For many early 20-somethings that are freshly graduated and are now facing credit card and loan bills, the last thing on their mind is investments.
The Trump administration’s new tax reform bill was signed into law in December of 2017, representing the first major tax change in over 30 years. The changes are significant and are likely to affect nearly everyone in some measure; some positively, while others may find themselves with a higher tax bill in 2018.
Started in 1996, 529 plans provide tax incentives for those saving for post-secondary education. The plan allows funds saved to be used at any eligible education institution, which typically includes colleges, universities, vocational schools or any post-secondary educational institute that is currently eligible to participate in U.S. Department of Education student aid programs.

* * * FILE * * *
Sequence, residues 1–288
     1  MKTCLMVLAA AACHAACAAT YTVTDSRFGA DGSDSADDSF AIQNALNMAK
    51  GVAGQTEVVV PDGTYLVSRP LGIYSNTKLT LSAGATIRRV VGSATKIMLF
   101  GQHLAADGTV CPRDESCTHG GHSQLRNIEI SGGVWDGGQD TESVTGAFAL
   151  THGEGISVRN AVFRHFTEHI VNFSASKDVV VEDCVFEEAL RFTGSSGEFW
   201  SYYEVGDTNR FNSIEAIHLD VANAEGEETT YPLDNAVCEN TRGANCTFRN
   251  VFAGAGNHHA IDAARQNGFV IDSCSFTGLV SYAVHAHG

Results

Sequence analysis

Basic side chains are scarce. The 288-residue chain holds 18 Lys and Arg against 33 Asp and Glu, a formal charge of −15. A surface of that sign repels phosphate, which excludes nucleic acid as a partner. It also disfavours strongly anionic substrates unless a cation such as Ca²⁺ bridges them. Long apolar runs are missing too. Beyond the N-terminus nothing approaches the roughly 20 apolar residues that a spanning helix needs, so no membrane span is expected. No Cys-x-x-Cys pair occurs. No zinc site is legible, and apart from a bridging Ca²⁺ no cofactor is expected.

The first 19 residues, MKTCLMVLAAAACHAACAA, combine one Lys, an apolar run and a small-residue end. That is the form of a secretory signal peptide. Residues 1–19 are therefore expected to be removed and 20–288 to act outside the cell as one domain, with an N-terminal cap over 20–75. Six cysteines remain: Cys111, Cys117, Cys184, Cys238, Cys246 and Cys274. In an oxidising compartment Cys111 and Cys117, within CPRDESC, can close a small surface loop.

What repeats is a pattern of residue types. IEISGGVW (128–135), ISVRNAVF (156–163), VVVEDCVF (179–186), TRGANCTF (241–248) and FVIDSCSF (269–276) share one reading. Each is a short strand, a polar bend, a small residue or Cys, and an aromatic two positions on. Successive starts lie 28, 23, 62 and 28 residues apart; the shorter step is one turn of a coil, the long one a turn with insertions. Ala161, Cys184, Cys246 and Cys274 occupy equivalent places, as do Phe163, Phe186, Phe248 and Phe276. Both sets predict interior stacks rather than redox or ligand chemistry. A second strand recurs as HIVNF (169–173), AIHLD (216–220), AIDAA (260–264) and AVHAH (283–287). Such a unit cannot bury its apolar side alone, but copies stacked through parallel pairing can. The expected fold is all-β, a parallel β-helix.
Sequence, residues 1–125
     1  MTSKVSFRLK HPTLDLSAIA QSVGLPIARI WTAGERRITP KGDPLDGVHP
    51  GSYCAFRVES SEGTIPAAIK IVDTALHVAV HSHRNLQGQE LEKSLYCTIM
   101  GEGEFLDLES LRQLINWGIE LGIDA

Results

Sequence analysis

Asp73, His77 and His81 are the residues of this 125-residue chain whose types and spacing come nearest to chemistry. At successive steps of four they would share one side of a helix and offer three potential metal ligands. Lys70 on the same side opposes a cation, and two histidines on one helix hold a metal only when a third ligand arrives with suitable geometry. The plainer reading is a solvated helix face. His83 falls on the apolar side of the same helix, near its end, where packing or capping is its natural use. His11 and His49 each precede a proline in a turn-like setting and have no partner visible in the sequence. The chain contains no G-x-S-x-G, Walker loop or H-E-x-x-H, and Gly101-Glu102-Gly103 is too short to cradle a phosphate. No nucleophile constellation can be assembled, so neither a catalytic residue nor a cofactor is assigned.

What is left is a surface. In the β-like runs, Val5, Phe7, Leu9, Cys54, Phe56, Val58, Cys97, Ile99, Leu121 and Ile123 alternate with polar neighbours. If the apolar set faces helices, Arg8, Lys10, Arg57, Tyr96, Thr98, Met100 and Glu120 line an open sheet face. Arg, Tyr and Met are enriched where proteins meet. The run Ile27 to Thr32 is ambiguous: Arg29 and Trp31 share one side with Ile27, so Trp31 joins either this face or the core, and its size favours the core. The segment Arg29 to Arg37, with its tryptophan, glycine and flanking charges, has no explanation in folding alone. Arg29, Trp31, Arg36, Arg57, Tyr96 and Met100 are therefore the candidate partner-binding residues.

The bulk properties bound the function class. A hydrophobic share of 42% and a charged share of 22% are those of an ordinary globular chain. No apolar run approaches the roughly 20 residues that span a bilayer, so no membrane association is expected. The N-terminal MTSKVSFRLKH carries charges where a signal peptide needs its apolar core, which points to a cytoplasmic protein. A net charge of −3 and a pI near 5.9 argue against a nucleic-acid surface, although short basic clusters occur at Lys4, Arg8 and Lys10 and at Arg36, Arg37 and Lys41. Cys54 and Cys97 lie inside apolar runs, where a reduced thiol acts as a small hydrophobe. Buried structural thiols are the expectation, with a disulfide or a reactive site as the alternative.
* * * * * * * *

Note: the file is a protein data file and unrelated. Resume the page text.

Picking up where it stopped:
Another massive data breach has reminded us how vulnerable we are to cyber attacks. Credit monitoring company Equifax announced that a “Cybersecurity Incident” had exposed names, Social Security numbers, birth dates, addresses and, in some cases, driver’s license and credit card numbers, from a whopping 143 million Americans.
As the saying goes there are two things that are inevitable: death and taxes. And, out of those two sure things, you can only really plan for your taxes. It should be no surprise when tax season surely and steadily rolls around again, yet every year there are plenty of individuals who file for a tax extension (in 2014 there were approximately 12 million Americans who did so).